Telstra’s first attempt to introduce a cyber-safety service for mobile customers in June wasa flop of significant proportions. Customers and concerned members of the public reacted strongly to the collection and offshoring of user data that was part of the “Smart Controls” cyber-safety service and the service was eventually scrapped.
But earlier this week, Telstra representatives apologised for the first version of Smart Controls and announced the service would be re-introduced in late November 2012 following a suite of revisions.
The Smart Controls service was originally introduced to help parents ensure their children were only visiting appropriate websites when surfing the net via a mobile phone.
The service allowed parents to block certain web pages, allow access to other pages, manage the amount of time spent online and a number of other options.
Despite these noble aims, there were many concerns about how the service would be implemented, including:
- data collection for Smart Controls would be compulsory for all Telstra mobile customers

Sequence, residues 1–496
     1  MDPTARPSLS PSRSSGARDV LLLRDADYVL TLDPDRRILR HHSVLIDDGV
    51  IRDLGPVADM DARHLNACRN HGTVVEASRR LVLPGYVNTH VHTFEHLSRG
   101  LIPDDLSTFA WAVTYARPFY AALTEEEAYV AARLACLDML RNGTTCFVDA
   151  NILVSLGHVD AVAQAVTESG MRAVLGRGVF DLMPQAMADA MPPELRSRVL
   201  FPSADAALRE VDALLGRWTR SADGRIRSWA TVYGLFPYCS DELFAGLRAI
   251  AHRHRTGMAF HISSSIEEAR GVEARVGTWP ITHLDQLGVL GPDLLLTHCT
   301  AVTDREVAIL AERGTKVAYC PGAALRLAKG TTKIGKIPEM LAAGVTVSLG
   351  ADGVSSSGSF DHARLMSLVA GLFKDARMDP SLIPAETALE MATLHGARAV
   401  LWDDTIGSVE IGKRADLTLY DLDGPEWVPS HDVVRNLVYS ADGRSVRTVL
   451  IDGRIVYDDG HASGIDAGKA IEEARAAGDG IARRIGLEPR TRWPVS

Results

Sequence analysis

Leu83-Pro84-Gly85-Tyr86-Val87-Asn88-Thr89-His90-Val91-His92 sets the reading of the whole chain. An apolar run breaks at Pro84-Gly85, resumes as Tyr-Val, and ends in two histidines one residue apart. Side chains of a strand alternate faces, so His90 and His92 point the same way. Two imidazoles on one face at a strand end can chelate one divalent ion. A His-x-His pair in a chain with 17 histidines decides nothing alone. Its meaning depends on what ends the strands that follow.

- Telstra offered no explanation about what data was collected
- the collected data was sent to a Canadian-based web-content-filtering company Netsweeper Inc.
It was the last of these that caused the greatest concern, with a thread on the Whirpool broadband forum addressing these issues given the title “Are Telstra hackers?”
Smart Controls 2.0
The process of checking webpages accessed by Smart Controls users has changed little from the original version to the revised version.
That is, when a customer using the service accesses a webpage via their mobile, Telstra checks the requested website against its database of known websites to see if the site is appropriate for minors or not.
And while this process is the same in the revised version of Smart Controls, there are some subtle changes.
One change is the fact that Telstra is only sending data to Netsweeper Inc. if a website accessed by the customer is not listed in the Telstra database. That is, if the requested page isn’t in Telstra’s database, it then sends the page request to Netsweeper’s more-extensive database to retrieve the page’s classification.
If the page isn’t in Netsweeper’s database then the target site is assessed using an automated process and, if necessary, by Netsweeper staff. Information about the page’s suitability for minors is then sent to Netsweeper’s and Telstra’s databases.
This is in contrast with the original version in which all mobile phone customer data was sent offshore to Netsweeper, albeit with variables and other extra information stripped from URLs first.
Source: The Conversation